The story of the palace at Stapleton exhibits every feature of mismanagement. When the sees of Gloucester and Bristol were united, it was provided, in order to satisfy the people of Bristol, that the Bishop should reside part of the year in or near Bristol, an improvident arrangement, since it burdened the see with two houses of residence. In 1840 the Bishop pointed out Stapleton House, four miles from Bristol, as a desirable residence for the see, and proposed that it should be the only residence. As this proposal was against the very terms of the order in Council, the Commission objected to it, but acceded to an amended proposal that it should be bought as a second house. It was purchased, without any regular survey, for about £12,000, and no less than £12,000 more were spent in making it a suitable residence. The Bishop employed one architect, the Commissioners another, and the plans of the latter actually undid some of the work which the former had done. Alterations, much larger than the Bishop asked for, were made, and in this way an amount slightly beyond the whole fee-simple value of the house and land was muddled away on improvements. The Commissioners have since demonstrated in the same diocese that a see-house could be built from the very foundations for little more than the cost of the Stapleton repairs. On the death of Bishop Monk, his successor ceased to occupy Stapleton House, as inconvenient in every way for the work of the diocese. The rational opinion then came to prevail, that one house might suffice the one bishop of a compact diocese. Stapleton was sold to a Bristol charity, to be turned into


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a school, for about £12,000, the original cost, and the £12,000 spent upon alterations were as though they had not been.

Thus, in a matter requiring judgment and firmness, the Commission was at the mercy of architect and contractor. Set up to lead and guide the temporal affairs of the Church, it allowed itself to be dragged by the tail, like the cows into the cave of Cacus the robber. Why was a house bought, the cost of which would be doubled by alterations? Why were rival architects allowed to do and undo each other's work at the public expense? Why were more costly alterations forced on the Bishop, who knew best what was wanted ? Would not a moderate house at Clifton, such as three successive bishops since that day have been wont to hire for themselves, have been a sufficient supplement to the gloomy state of the palace at Gloucester ? These questions, and many others, let those who are conversant with the physiology of jobs answer as they can. On the completion of this strange transaction, the see possessed two houses, and one of them was sold for half its cost to rebuild the other. Men of a very large benevolence may perhaps find some consolation in this dreary tale of brainless mismanagement and waste, in the fact that at least the architect who made the alterations at Stapleton duly received his commission

Much has been said in the way of censure of the other transactions connected with bishops' houses, in which the Commissioners were engaged. It was a great misfortune that the two funds created by Parliament, the episcopal and the common fund, were not able to keep equal pace; that whilst the parochial clergy looked to a fund which as yet had nothing, the bishops depended on a fund which their richer brethren had at once endowed. But most of the expenditure on episcopal houses was forced on the Commissioners by the changes made by Parliament. Two new dioceses, Ripon and Manchester, required new houses ; in Rochester and Lincoln it was thought necessary to move the residences to a position more convenient for them, and Stapleton was purchased on account of the pledge to Bristol. There was a sixth case, which did not rest on the same grounds, but the house as it was positively forbade, what the restored house has practised in a manner the most exemplary, a large and kindly hospitality to the clergy and candidates for holy orders.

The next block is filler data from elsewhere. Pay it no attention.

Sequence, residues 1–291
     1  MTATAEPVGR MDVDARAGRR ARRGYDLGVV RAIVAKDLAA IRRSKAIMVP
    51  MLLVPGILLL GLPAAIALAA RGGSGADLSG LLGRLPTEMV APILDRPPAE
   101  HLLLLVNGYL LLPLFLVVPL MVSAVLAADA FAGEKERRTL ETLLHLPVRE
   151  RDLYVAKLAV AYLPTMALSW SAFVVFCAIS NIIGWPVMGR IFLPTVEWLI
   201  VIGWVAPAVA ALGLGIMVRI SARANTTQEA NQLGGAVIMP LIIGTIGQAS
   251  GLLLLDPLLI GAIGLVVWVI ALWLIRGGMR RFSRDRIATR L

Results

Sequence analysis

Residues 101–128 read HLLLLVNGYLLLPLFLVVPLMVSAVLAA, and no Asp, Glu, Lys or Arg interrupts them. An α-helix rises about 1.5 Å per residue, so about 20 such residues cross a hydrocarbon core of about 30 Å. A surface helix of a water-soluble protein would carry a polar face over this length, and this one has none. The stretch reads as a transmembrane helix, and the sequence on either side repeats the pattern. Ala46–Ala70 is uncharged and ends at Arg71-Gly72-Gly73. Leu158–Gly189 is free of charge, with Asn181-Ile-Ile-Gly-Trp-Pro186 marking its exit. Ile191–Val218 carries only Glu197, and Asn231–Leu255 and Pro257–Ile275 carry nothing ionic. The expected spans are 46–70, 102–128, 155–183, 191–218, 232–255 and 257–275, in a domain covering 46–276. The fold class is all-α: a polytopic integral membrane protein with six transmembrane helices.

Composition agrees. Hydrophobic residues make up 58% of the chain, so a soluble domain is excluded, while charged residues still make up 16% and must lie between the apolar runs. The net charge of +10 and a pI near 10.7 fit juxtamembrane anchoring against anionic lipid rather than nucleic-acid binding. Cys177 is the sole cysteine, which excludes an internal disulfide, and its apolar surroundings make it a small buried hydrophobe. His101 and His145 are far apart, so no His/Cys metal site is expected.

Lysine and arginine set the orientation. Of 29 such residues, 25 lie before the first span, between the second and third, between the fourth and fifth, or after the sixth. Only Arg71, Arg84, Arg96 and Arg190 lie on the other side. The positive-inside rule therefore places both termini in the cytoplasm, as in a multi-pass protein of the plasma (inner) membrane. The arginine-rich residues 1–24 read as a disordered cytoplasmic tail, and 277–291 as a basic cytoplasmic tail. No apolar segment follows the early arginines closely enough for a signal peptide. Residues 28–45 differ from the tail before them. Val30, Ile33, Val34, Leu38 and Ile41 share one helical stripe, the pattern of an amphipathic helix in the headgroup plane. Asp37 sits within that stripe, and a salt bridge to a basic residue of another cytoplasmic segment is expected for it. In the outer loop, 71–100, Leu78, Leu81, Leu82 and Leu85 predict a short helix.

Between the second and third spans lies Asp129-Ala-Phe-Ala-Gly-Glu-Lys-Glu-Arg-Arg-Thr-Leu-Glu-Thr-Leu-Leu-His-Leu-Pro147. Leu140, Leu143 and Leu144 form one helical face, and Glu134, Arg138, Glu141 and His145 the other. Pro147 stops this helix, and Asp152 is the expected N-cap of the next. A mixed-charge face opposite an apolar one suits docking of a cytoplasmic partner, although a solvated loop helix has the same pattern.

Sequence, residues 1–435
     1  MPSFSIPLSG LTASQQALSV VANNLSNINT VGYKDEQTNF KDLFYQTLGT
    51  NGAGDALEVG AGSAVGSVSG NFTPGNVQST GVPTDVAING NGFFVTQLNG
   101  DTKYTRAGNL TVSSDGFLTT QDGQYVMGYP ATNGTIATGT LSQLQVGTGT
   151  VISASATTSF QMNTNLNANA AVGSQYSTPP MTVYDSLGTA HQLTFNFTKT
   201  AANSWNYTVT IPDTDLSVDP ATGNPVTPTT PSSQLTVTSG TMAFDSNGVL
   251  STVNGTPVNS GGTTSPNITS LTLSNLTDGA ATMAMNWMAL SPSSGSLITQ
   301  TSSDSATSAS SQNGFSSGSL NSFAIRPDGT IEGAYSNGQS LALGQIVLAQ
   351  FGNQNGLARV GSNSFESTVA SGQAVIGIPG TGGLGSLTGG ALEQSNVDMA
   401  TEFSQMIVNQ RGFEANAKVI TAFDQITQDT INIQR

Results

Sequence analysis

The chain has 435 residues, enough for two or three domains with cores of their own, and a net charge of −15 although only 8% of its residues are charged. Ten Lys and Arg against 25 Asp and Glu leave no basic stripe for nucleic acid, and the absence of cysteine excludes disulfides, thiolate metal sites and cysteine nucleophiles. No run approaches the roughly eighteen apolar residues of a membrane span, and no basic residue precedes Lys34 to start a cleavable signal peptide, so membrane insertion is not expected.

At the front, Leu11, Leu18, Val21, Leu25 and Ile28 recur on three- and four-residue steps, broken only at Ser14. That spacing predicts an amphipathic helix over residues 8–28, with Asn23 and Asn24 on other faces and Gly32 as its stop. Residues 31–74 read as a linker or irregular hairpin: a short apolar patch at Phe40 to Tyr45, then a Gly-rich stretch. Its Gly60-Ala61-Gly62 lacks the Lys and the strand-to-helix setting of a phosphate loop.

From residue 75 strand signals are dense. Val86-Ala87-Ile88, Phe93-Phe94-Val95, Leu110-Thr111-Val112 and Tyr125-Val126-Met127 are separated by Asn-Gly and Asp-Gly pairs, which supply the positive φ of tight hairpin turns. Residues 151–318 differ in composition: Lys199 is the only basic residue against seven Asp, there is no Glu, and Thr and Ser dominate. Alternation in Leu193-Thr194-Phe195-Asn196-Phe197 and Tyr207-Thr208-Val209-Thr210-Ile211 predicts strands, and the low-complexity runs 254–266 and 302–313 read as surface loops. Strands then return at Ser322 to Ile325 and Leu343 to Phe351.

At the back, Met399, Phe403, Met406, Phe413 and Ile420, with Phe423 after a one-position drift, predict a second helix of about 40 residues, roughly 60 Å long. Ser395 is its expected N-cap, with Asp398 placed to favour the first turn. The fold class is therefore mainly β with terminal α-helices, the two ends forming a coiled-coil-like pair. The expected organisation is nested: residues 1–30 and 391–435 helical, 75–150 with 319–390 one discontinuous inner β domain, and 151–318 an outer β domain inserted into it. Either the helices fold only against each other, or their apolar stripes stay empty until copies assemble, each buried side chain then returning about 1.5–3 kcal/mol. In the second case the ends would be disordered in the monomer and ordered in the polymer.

These six cases have been for nearly twenty years the reproach of the Commissioners; and it must be owned, that by putting forward the glaring case of Stapleton, by reckoning all the outlay on new houses without setting off the receipts from the sale of the old, and by the usual commonplaces about bishops and curates, the cry has been maintained with success. But a time has now come when a rational view may be taken. When Parliament created an episcopal fund applicable to episcopal purposes only, comparisons were sure to be made between that fund and the Common Fund,' with its slow-coming assets, and the prodigious hunger it had to meet. The proceeding was not wise, but Parliament was the author of it. This admitted, each of the six cases must stand upon its merits. A sweeping condemnation for each and all is out of the question. If there was extravagance, it was at the expense, not of the needy parishes, for Parliament had tied up the fund for episcopal purposes only, but at the expense of other sees and bishops.

We will now suppose that the Commissioners, surrounded by every form of entreaty, demand, suggestion and vituperation, and conscious within of the need of larger means, and of a certain badness of constitution, have reached the year 1850. Experience has proved that a large Board, formed for the most part of those who have important duties at a distance, is practically irresponsible. The Board of one week is not that of the next, and an important affair that would not have passed a full meeting may pass unharmed through a thin one. This large nebulous body required a solid core or nucleus. In 1848 a Committee of the House of Commons had advised that permanent lay members should have the management of the property. The hostile lessees still hovered in force upon their flanks, and had the ear of the House of Commons' Committee of 1848. About the same time a Royal Commission on Episcopal and Capitular Revenues said its word for the lessees, and suggested that the fines should be converted into a permanent rent-charge, calculated on a basis very favourable to the lessees. The suggestion went to this, that at a time when, from wise policy, all legislation tended towards enfranchisement and freehold tenure, the Church was to accept in lieu of estates that were rapidly being enfranchised, a permanent base tenure, against which many of the objections to leaseholds were equally applicable, whilst it had other formidable objections peculiar to itself. The general policy of the Legislature made it impossible that this proposition, so hostile to the Church, should be adopted. As to finance, the Commission found itself able to pay its way, but there was little hope of any new operations for many years. The funds were anticipated, first by the first batch of grants alluded to above; next by the working of the Peel Act, which had left a debt of £600,000, and the interest thereon ; and, lastly, by grants made in the interval between 1843 and 1850, amounting to about £20,000, for the most part to satisfy expectations which the Commission had raised somewhat improvidently in the first flush of its hopes.